Microbial Diversity in Nankai Trough Sediments at a Depth of 3,843 m
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- Li, L., Guenzennec, J., Nichols, P. et al. Journal of Oceanography (1999) 55: 635. doi:10.1023/A:1007897020042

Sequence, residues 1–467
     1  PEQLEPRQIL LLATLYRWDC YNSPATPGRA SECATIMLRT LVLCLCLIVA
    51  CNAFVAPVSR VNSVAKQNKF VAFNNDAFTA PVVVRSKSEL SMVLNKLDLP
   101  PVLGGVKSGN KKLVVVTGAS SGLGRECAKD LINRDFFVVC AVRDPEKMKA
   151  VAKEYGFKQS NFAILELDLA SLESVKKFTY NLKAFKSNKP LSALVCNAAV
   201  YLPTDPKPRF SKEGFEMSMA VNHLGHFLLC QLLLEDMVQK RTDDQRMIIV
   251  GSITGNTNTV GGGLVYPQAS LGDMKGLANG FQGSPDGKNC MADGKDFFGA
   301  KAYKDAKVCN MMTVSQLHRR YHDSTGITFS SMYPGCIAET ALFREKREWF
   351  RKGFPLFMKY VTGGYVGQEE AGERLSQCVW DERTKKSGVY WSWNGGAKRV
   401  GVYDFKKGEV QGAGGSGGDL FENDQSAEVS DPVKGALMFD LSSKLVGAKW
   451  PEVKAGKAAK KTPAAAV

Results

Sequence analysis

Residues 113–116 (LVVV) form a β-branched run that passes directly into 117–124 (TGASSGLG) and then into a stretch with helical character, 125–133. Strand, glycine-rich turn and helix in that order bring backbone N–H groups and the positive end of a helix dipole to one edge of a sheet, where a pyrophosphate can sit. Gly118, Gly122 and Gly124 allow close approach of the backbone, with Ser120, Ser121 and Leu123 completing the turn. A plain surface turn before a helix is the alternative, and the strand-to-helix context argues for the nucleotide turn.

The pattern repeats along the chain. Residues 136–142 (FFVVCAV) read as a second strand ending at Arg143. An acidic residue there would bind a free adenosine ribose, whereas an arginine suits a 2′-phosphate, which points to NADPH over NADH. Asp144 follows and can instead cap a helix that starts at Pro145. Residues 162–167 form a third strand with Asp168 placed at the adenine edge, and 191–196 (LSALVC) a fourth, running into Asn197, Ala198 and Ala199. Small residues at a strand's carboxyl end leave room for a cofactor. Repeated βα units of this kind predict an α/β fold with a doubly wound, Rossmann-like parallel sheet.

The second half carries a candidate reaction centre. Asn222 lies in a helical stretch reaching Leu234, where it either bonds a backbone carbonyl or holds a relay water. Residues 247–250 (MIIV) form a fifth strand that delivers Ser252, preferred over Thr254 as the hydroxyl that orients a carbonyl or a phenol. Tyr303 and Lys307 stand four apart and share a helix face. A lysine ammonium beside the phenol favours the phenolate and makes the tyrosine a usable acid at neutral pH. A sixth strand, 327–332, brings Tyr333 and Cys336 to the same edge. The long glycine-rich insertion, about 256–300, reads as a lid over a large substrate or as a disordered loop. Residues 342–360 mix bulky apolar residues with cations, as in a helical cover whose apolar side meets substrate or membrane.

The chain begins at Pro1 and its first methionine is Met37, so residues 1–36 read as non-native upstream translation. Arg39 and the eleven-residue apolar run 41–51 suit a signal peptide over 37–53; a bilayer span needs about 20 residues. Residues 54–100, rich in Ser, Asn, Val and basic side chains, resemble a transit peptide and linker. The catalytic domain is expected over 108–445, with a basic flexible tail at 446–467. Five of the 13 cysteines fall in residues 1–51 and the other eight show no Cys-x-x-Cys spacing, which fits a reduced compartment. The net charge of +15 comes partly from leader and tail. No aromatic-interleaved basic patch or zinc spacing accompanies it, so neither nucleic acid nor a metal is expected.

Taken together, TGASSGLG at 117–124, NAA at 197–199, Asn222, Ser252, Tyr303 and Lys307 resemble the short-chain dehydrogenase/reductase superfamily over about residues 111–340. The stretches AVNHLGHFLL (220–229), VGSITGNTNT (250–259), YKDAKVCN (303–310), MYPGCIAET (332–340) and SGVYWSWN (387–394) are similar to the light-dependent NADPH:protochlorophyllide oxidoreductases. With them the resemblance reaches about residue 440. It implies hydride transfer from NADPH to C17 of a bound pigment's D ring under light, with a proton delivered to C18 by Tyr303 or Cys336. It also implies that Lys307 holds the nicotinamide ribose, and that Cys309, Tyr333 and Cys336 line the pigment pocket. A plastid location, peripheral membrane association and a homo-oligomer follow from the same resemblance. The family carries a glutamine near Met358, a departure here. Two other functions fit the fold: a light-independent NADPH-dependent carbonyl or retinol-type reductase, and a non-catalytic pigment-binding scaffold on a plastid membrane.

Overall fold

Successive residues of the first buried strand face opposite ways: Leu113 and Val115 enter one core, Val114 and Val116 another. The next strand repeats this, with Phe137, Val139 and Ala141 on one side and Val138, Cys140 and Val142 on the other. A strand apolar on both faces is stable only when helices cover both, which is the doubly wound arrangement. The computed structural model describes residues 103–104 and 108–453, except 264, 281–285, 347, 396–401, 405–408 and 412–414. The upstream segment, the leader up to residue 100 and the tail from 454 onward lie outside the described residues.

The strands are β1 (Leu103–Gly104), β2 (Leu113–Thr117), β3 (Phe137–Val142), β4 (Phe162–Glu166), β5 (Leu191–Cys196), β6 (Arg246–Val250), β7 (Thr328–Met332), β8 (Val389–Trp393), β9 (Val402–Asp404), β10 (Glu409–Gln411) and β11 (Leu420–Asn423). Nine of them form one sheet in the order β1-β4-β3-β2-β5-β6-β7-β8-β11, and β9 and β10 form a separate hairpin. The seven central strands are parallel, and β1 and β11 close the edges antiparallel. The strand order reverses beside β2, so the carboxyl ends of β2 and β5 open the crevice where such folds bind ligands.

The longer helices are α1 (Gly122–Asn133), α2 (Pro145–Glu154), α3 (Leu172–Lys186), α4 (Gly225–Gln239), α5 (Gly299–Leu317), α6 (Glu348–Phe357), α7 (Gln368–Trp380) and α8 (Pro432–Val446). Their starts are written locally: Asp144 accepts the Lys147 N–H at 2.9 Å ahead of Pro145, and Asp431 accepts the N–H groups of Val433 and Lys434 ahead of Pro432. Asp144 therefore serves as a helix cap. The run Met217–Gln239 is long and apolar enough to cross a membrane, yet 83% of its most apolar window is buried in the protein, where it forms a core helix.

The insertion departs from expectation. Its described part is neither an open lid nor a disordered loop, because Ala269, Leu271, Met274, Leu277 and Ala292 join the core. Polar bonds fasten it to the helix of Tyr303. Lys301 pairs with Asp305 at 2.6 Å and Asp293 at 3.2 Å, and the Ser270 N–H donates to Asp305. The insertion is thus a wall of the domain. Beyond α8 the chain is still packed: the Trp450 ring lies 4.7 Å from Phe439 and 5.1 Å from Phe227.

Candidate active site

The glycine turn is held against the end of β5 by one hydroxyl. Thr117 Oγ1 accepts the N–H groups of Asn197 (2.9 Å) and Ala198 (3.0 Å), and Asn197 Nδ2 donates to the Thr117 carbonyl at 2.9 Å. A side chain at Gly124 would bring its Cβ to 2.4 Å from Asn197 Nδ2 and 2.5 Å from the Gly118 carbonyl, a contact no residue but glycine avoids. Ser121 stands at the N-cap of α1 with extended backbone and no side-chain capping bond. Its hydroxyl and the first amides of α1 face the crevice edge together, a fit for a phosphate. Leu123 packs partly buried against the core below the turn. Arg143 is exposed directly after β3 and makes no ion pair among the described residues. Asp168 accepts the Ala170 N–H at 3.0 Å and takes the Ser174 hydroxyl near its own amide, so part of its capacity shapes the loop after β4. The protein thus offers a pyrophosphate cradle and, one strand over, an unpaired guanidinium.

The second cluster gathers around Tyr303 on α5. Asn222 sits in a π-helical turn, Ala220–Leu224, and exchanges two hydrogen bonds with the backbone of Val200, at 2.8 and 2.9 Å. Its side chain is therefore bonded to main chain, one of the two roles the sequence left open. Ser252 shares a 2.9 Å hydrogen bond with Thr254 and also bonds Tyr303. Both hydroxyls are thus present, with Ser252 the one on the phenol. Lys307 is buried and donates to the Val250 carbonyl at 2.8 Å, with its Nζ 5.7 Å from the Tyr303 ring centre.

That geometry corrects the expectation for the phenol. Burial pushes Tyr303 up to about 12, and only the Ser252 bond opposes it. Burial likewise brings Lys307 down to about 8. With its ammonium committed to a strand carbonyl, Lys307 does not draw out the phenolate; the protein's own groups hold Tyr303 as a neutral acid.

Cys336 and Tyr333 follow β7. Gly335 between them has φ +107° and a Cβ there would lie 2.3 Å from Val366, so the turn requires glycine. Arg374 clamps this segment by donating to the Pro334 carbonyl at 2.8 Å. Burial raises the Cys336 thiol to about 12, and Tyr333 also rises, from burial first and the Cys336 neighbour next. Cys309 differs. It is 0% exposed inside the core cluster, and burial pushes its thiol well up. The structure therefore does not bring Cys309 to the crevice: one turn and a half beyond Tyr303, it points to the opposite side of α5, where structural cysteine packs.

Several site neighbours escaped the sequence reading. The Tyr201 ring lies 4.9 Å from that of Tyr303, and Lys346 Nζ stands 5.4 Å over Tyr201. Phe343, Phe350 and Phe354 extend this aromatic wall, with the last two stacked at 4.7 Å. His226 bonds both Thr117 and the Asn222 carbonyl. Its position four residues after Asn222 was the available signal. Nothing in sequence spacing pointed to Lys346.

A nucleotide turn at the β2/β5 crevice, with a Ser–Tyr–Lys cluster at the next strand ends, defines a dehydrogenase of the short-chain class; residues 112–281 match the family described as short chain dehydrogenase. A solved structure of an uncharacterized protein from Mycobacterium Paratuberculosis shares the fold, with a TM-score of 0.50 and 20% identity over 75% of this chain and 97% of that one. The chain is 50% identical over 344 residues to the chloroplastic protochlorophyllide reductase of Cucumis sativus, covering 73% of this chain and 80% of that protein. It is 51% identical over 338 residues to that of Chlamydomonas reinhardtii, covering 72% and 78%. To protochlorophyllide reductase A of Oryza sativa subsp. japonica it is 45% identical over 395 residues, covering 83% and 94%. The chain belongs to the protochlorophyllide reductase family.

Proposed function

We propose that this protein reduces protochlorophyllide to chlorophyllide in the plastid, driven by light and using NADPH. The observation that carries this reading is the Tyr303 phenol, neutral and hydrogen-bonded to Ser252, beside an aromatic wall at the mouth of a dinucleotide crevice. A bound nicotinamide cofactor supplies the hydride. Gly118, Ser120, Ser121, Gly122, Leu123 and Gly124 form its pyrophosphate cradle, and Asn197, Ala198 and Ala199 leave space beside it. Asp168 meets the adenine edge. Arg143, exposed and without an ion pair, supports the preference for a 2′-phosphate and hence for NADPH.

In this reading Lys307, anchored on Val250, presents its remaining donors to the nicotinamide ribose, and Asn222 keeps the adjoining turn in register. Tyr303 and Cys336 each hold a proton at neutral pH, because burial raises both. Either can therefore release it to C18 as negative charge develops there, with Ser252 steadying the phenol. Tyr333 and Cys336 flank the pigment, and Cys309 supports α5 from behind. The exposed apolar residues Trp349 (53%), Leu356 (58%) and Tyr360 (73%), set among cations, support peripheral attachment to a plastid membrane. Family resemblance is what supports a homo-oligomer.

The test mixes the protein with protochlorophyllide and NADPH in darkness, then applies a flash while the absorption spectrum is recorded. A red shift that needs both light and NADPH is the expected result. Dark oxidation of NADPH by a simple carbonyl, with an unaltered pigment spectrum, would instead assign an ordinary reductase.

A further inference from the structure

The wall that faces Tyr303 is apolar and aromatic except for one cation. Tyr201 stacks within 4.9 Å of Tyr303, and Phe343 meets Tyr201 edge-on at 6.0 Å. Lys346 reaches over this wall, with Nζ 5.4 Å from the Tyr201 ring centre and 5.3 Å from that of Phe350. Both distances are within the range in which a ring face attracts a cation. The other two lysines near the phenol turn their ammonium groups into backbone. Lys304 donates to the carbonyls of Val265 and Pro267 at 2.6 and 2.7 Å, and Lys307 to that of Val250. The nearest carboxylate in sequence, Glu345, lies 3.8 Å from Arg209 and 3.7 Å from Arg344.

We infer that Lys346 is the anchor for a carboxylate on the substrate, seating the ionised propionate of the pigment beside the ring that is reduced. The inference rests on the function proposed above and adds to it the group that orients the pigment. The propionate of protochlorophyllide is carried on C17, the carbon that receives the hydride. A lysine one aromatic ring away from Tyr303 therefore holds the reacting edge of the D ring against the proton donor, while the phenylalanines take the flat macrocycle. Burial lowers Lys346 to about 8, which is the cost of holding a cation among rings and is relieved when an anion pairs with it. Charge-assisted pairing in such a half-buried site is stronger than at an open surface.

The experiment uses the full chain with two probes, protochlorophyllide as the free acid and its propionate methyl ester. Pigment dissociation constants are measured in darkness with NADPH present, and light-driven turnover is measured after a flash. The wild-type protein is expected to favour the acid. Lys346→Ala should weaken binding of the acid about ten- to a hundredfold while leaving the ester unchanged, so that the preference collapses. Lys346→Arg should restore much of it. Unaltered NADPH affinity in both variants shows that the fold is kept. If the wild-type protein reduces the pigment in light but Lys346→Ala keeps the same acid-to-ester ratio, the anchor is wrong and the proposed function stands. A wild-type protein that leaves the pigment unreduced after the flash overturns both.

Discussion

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Dense populations of bivalves, primarily Calyptogena sp., were observed at cold seeps of the Nankai Trough. Bacterial input to the sediment was estimated through determination of phospholipid ester-linked fatty acid (PLFA) and DNA profiles. Results indicated a bacterial biomass of 109 cells (g dry wt)-1 while individual fatty acid profiles revealed a predominance of monounsaturated fatty acids, mainly 18:1 isomers. The presence of these fatty acids can be interpreted to reflect a response to low temperature and a predominance of psychrophilic bacteria. DNA fragments encoding bacterial ribosomal RNA small-subunit sequences (16S rDNA) were amplified by the polymerase chain reaction method using DNA extracted directly from the sediment samples. From the sequencing results, at least 19 kinds of bacterial 16S rDNAs related to mostly the Proteobacteria and a few gram-positive bacteria were identified. These results suggest that the bacterial community in the Nankai Trough sediments consists of mainly bacteria belonging to the Proteobacteria γ, ε, and δ subdivisions. Bacteria belonging to the ε and δ subdivisions, which are known to include epibiont and sulfate reducing bacteria, respectively, were mostly detected in the sediment obtained from inside the area of the Calyptogena community, and the δ-Proteobacteria may function to supply reduced sulfur to bacterial endosymbionts of Calyptogena.